The Independent Electoral and Boundaries Commission (IEBC) is demanding Sh241 million from the Treasury to verify the Building Bridges Initiative (BBI) signatures.
The budget has placed the commission at loggerheads with the BBI Secretariat which claims that the amount is exaggerated.
While defending the Sh241 budget, IEBC acting CEO Marijan Hussein Marijan told People Daily that the money will be used to hire and train clerks who will be tasked with verifying the signatures. Marijan said the Treasury is yet to respond to their request for budgetary support.
“We made the request a day after we received the signatures. We asked the National Treasury to give us budgetary support of Sh241 million for the exercise to commence,” said Marijan.
He further indicated that the commission is currently serializing and signing documents received from the BBI Secretariat as well as signing papers to confirm the signatures.
“There is work going on right now which includes handing over and taking of documents, we also expect the documents to be signed as we wait for a response from the National Treasury. Once this is done we start recruiting the clerks immediately so that we can train them,” he added.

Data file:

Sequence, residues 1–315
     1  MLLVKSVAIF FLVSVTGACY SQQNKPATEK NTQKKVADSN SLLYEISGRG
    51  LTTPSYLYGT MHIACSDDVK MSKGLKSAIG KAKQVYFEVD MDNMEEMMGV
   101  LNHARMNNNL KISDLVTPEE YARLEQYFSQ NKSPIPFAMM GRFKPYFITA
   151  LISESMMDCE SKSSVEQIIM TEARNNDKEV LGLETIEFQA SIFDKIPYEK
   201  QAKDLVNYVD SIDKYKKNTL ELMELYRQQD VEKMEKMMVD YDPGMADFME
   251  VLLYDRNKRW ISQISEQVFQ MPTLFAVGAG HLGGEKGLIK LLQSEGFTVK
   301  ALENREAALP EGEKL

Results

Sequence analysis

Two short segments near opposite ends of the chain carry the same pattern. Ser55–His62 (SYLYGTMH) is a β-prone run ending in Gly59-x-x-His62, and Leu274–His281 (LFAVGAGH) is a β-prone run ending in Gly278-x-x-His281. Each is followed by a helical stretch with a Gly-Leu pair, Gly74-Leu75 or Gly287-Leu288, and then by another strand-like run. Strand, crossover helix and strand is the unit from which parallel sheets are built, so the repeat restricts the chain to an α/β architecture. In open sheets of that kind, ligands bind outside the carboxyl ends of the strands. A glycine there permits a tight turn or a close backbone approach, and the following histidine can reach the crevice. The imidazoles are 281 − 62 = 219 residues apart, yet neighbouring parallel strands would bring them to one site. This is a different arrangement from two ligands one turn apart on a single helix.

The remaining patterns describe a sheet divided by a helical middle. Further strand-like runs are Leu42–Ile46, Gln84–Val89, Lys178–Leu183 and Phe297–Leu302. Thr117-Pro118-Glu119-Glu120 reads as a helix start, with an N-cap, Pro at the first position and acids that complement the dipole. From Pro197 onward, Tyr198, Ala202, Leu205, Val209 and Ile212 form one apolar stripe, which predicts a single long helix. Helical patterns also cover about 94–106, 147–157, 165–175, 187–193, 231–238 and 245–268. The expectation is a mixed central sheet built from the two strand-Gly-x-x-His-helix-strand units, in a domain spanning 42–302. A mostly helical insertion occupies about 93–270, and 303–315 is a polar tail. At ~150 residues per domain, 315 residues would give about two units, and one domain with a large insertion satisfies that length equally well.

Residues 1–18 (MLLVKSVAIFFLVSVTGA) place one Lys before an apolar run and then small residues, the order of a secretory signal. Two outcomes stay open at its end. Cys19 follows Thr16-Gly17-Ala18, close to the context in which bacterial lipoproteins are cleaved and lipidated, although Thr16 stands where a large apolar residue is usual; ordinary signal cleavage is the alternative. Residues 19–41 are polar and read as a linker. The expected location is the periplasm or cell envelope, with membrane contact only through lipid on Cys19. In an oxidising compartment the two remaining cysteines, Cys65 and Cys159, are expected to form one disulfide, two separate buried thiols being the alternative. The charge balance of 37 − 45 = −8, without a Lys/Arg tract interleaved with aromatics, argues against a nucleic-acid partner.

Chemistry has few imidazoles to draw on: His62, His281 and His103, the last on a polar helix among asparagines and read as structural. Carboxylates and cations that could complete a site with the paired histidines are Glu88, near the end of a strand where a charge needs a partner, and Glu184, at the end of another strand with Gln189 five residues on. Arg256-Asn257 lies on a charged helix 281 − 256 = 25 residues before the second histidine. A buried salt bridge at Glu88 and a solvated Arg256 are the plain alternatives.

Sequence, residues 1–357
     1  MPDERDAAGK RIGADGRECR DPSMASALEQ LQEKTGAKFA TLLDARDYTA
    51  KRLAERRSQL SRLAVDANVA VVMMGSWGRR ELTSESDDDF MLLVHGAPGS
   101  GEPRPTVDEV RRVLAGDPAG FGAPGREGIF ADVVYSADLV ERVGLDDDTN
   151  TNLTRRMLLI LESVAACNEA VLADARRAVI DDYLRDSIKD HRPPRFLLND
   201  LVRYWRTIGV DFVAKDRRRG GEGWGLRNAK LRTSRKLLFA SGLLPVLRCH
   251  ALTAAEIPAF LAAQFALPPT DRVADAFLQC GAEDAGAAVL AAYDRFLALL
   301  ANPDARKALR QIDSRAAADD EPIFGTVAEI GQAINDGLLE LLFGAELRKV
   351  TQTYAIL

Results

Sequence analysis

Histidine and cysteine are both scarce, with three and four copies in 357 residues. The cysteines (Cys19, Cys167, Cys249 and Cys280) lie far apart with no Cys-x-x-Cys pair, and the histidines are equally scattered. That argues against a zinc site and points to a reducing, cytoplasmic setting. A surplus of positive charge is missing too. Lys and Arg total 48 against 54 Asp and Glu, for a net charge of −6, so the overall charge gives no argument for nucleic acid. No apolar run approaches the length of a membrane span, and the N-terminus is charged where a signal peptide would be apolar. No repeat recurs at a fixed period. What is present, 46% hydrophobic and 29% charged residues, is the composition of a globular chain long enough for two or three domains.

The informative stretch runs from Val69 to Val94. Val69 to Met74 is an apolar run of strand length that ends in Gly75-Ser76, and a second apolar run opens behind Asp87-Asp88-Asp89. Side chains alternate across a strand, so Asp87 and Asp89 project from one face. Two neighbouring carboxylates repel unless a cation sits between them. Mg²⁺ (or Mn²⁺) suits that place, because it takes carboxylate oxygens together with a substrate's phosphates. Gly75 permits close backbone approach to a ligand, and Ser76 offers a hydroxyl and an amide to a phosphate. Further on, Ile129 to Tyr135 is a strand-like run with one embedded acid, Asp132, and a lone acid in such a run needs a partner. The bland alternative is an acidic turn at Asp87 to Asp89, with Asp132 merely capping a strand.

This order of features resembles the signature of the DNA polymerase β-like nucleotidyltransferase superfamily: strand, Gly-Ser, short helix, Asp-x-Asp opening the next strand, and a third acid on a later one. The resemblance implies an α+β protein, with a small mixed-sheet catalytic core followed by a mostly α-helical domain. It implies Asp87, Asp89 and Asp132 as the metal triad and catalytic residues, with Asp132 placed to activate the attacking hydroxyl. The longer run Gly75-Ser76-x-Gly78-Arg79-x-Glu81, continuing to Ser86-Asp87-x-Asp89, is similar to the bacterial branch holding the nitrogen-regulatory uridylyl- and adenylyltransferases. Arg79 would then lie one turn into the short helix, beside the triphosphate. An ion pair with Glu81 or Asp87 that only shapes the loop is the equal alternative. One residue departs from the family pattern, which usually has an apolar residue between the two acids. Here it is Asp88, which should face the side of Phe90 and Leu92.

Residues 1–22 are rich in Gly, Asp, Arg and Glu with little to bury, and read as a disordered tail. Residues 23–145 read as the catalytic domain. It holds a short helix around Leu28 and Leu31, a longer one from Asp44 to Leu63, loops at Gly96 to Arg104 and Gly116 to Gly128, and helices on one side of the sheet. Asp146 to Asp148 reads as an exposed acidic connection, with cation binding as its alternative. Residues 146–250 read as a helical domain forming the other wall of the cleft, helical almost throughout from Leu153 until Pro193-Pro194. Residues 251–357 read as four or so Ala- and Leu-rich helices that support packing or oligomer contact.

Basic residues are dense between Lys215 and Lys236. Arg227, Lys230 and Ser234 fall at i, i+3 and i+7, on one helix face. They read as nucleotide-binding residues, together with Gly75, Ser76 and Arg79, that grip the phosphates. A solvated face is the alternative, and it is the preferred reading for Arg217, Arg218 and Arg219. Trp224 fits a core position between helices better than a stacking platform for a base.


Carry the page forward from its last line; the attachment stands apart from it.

Reacting to IEBC’s budget request, BBI Secretariat co-chair Dennis Waweru termed the amount as too much given that technology can be used to expedite the signature validation process.
“Sh241 million is too much. This is an exercise that can be done using very minimal resources. We can even do it with just Sh1 million,” he said.
Last week, the secretariat submitted 4.4 million signatures to IEBC Chairperson Wafula Chebukati for verification and approval.
This is the second time IEBC is clashing with BBI proponents over budget estimates. Last month, ODM leader Raila Odinga told off the commission after it estimated that a referendum would cost at least Sh14 billion.
Odinga said the figure was outrageous, saying the exercise should not cost more than Sh2 billion for 20 million voters.
“The Sh14 billion the IEBC is talking about is not only outrageous but also a manifestation of the institution’s insensitivity to the changes Kenyans are crying for in the management of public affairs,” said Raila.